Because their jobs frequently require them to erect steel frameworks, balance on I-beams, and manipulate tools high above the ground, falls and other accidents are not uncommon for ironworkers. In fact, structural iron and steel workers are listed as having the eighth most dangerous job in America, according to the Bureau of Labor Statistics (BLS). These dangerous conditions could lead to serious accidents, and it is important to know what to do when they occur.
The lawyers at Block O’Toole & Murphy are well versed in New York’s Labor Law and use their expertise to fight for the rights of New York workers on a daily basis. Our commitment to you is that we will not rest until justice is done on your behalf. We have proudly represented members of Ironworkers Local Unions No. 40, 361, 417, and 580.
If you or a loved one has suffered serious injuries as a result of someone else’s negligence, you may be able to recover monetary damages. The ironworker accident attorneys at Block O’Toole & Murphy have the experience and determination to help you pursue the maximum compensation for your injuries. Contact us today at 212-736-5300 or fill out our online form to schedule a free, no-obligation legal consultation.
Causes of Ironworker Accidents
Ironwork accidents and injuries can happen in a number of ways and for a number of reasons. Some of the common causes include:
- Falling from a building structure or through unprotected floor opening covers
- Being hit by falling objects on the construction site, such as dropped rebar or debris
- Defective power tools
- Welding accidents, which include exploding tanks, ultraviolet radiation burns, toxic fume inhalation, and eye injuries
The International Association of Bridge, Structural, Ornamental and Reinforcing Iron Workers, an AFL-CIO affiliate union, also lists some of the primary causes of ironworker fatalities and injuries in the Deadly Dozen Activities and Hazards. Some of these may be less well-known hazards, but are still just as deadly. These can include material handling injuries during steel erection, caught in-between injuries during hoisting and rigging, impalement from unprotected vertical elements, electrical hazards from power lines, and heat illness or toxic exposure to chemicals and other contaminants.
Clearly, ironworkers face a myriad of risks every day while on the job. These accidents can be devastating for workers and their families and can sometimes lead to life-changing conditions.
The work of an ironworker can be very multifaceted, but it can also be extremely dangerous. The Occupational Health & Safety Administration (OSHA) lists cuts, sprains, and muscle strain as some of the common injuries associated with ironwork. Other injuries include:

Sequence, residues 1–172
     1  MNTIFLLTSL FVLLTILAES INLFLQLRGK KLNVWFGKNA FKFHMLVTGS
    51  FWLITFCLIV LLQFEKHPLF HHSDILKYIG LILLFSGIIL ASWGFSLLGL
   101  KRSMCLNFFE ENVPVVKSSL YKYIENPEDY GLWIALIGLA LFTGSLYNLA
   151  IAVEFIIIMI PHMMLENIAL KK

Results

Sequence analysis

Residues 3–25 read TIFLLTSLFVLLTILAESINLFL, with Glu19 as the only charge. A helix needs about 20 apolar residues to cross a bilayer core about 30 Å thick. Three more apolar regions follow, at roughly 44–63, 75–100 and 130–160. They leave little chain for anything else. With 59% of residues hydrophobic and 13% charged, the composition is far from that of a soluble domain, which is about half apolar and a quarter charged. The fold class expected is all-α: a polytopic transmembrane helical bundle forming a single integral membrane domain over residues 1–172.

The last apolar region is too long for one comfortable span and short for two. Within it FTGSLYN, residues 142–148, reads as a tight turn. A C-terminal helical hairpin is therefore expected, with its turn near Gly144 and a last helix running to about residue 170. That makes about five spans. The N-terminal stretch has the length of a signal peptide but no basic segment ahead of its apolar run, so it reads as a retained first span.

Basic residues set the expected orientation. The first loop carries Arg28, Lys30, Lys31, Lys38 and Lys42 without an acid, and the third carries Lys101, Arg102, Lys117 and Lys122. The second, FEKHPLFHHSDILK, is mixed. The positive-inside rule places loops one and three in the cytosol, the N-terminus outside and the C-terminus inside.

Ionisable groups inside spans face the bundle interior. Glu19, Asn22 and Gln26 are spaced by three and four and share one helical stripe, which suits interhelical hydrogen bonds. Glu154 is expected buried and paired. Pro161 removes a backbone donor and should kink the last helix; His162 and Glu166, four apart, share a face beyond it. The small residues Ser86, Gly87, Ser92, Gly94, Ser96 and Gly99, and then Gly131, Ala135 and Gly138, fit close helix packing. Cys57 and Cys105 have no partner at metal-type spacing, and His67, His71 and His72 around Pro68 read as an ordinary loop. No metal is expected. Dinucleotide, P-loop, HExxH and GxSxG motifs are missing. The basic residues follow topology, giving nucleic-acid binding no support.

- Fall injuries including broken bones and spinal injuries
- Crushed body limbs and broken bones from falling objects
- Burns from sparks and metal shavings falling onto the worker
- Eye damage from the sun’s rays
- Loss of hearing due to loud and grinding tools
In addition, ironworkers may also suffer injuries from dropped tools, broken scaffolding or building structures, and other construction materials falling from above.
Ways for Ironworkers to Stay Safe on the Job
To reduce the risk of injury, ironworkers must wear the appropriate Personal Protective Equipment (PPE) such as harnesses, hard hats, boots, gloves, and safety glasses. As there is a great deal of climbing, balancing, and reaching, safety devices such as nets, belts, and scaffolding are used to reduce the risk of accidents. Supervisors must also make sure to keep their workplace safe for their employees and make sure work sites are properly inspected. Workers must also do their part in understanding their legal rights. Regardless of immigration status, workers have the right to:
- Notify their employer of work safety concerns
- File an official complaint with the Occupational Safety and Health Administration (OSHA)
- File for and receive workers compensation
- Receive paid sick leave
If you were injured at your New York work site and believe someone else’s negligence contributed to causing your accident, you may be able to file a personal injury lawsuit.
Contact an Ironworker Accident Lawyer Today
At Block O’Toole & Murphy, clients come first. We offer individualized attention to all clients who walk through our doors and have resolved multiple cases for ironworkers to their satisfaction. In a video review, a union ironworker discussed the impact that his handling attorneys had on him during the course of the lawsuit.
Select results for ironworkers harmed on the job include:
- $6,400,000 settlement for a union ironworker who fell through a drop ceiling, suffering a broken tailbone
- $4,475,000 settlement for the family of a union ironworker foreman who was killed after the temporary flooring he was walking on collapsed, causing him to fall 10 feet
- $3,700,000 settlement for a worker who fell from unsecured scaffold planks, sustaining injuries to his head, neck, and lower back
- $1,400,000 settlement for a worker who suffered a leg injury due to a falling beam
- $1,100,000 settlement for a union Journeyman ironworker who lost parts of his fingers in a construction site accident